Co-creation: I am completely animated by the concept of co-creation and involving the use of local materials. Creating from what exists around us, to design an aesthetic with a local signature pleases me greatly! I believe it is possible to create this by remaining and curious.
Celebration: Up until now I have tried to prove that we can create eco-responsible scenographies without drawing attention to its sustainability credentials. Now, I am more interested in highlighting the ecological implications of a show with its audiences. I truly believe that the whole theatre community must be part of the solution. Creating for and with the wider community is a very rewarding path from all points of view.
Circulation: I am really animated by the idea of making matter circulate – to allow it to become something else, to have several lives and possibilities. This is something I take into account from the very beginning of the creative process – thinking about other ephemeral uses, but more often than not, I think about sustainable alternatives to facilitate reemployment. The truth is, I’m a matter lover. I find it moving to see materials circulate and engage with several audiences – to bring meaning into more opportunities.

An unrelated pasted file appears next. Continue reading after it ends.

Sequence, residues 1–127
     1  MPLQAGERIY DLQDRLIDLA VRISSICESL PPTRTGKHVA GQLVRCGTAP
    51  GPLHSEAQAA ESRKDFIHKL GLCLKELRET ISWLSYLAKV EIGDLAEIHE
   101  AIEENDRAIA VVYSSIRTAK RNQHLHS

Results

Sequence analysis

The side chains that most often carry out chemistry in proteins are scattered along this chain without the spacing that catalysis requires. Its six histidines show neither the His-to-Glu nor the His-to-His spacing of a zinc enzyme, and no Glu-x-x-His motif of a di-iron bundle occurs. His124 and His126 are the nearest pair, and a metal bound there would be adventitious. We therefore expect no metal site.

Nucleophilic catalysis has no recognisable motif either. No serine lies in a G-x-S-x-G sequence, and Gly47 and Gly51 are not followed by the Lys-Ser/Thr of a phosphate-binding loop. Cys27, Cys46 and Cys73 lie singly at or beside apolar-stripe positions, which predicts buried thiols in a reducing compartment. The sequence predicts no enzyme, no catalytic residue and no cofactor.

What have been some of the biggest hurdles that you have encountered in implementing Ecoscenography? What are you most proud of?
I think one of the biggest obstacles I have faced is the lack of time. The conditions of creation are so short and intense that it is often lack of time that causes unsustainable practices to persist as eco-design (at least at the moment) invariably takes more time. I am truly aware that our system is not sustainable and that aiming for productivity, speed and the desire for tailor-made spectacular designs at all costs encourages over-consumption and over-exploitation of both human and global resources. I hope that in the near future, the methods of creation will change and that time will play in our favour instead of being perceived as our enemy.